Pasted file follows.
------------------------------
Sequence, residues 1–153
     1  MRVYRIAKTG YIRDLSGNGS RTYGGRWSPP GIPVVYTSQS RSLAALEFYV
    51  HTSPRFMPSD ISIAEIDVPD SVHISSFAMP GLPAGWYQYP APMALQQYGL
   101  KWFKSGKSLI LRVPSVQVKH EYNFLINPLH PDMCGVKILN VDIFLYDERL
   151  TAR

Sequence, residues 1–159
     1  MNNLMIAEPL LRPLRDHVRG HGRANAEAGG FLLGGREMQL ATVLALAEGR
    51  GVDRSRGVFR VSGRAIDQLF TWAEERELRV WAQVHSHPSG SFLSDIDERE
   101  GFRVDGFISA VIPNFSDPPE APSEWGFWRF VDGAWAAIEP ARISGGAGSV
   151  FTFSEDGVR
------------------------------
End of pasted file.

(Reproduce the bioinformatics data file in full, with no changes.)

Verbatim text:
Sequence, residues 1–153
     1  MRVYRIAKTG YIRDLSGNGS RTYGGRWSPP GIPVVYTSQS RSLAALEFYV
    51  HTSPRFMPSD ISIAEIDVPD SVHISSFAMP GLPAGWYQYP APMALQQYGL
   101  KWFKSGKSLI LRVPSVQVKH EYNFLINPLH PDMCGVKILN VDIFLYDERL
   151  TAR

Sequence, residues 1–159
     1  MNNLMIAEPL LRPLRDHVRG HGRANAEAGG FLLGGREMQL ATVLALAEGR
    51  GVDRSRGVFR VSGRAIDQLF TWAEERELRV WAQVHSHPSG SFLSDIDERE
   101  GFRVDGFISA VIPNFSDPPE APSEWGFWRF VDGAWAAIEP ARISGGAGSV
   151  FTFSEDGVR